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abstract = "Hypothesis: A significant rate of postdischarge complications is associated with penetrating cardiac injuries. Design: Retrospective trauma registry review. Setting: Level I trauma center. Patients: All patients sustaining penetrating cardiac injuries between January 2000 and June 2010. Patient demographics, clinical data, operative findings, outpatient follow-up, echocardiogram results, and outcomes were extracted. Main Outcome Measures: Cardiac-related complications and mortality. Results: During the 10.5-year study period, 406 of 40 706 trauma admissions (1.0{\%}) sustained penetrating cardiac injury. One hundred nine (26.9{\%}) survived to hospital discharge. The survivors were predominantly male (94.4{\%}), with a mean (SD) age of 30.8 (11.7) years, and 74.3{\%} sustained a stab wound. Signs of life were present on admission in 92.6{\%}. Cardiac chambers involved were the right ventricle (45.9{\%}), left ventricle (40.3{\%}), right atrium (10.1{\%}), left atrium (0.9{\%}), and combined (2.8{\%}). Inhospital follow-up was available for a mean (SD) of 11.0 (9.8) days (median, 8 days; range, 3-65 days) and outpatient follow-up was available in 46 patients (42.2{\%}) for a mean (SD) of 1.9 (4.1) months (median, 0.9 months; range, 0.2-12 months). Abnormal echocardiograms demonstrated pericardial effusions (9), abnormal wall motion (8), decreased ejection fraction (<45{\%}) (8), intramural thrombus (4), valve injury (4), cardiac enlargement (2), conduction abnormality (2), pseudoaneurysm (1), aneurysm (1), and septal defect (1). No operative intervention was required for the complications. The 1-year and 9-year survival rates were 97{\%} and 88{\%}, respectively. Conclusions: Penetrating cardiac injuries remain highly lethal. A significant rate of cardiac complications can be expected and follow-up echocardiographic evaluation is warranted prior to discharge. The majority of these, however, can be managed without the need for surgical intervention.",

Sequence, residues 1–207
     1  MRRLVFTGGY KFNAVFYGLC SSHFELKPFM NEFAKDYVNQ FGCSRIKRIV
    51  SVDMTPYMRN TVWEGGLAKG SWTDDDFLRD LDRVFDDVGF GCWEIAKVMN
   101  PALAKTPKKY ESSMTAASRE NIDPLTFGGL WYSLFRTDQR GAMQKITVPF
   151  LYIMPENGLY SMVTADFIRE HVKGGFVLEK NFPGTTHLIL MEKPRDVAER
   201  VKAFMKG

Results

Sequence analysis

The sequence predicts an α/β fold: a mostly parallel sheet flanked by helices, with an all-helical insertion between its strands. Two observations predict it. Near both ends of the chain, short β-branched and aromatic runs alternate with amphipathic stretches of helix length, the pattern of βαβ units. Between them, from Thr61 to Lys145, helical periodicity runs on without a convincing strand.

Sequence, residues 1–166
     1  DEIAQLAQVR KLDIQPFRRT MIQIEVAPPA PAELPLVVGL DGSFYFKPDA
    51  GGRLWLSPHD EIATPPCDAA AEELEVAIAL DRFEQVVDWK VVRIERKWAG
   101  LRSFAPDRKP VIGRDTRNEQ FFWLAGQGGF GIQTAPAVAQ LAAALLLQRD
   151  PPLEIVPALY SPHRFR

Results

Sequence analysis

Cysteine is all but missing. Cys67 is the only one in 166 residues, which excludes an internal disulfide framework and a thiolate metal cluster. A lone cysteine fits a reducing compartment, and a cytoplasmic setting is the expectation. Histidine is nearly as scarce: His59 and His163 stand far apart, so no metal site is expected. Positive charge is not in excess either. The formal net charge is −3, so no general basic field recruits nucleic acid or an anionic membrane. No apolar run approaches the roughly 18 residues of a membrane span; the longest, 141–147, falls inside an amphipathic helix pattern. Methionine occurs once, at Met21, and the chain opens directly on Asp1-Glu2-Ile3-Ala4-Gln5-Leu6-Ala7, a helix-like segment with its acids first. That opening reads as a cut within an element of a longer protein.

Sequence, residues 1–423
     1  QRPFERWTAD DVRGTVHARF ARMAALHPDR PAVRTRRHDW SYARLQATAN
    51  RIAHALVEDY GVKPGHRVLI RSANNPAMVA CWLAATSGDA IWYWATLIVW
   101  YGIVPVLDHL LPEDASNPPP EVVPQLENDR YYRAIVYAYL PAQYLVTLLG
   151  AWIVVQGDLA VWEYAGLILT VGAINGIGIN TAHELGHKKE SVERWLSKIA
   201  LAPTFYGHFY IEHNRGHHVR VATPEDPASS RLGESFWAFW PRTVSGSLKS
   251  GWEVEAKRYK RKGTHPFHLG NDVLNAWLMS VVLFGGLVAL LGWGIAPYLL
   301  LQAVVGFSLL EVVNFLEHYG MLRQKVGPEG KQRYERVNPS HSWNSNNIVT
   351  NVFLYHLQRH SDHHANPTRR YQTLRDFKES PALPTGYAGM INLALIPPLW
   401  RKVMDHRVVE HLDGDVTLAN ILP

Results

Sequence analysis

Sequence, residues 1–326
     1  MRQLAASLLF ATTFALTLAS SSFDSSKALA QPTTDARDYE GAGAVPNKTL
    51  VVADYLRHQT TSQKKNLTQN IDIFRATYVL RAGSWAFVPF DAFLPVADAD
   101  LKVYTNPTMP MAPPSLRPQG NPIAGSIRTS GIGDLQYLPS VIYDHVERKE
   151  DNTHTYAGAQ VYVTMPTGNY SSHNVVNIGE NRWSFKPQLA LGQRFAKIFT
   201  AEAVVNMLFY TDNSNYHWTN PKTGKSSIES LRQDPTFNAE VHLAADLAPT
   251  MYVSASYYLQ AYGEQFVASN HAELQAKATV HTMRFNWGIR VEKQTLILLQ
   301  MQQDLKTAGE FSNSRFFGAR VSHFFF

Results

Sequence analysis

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AU - Tang, Andrew -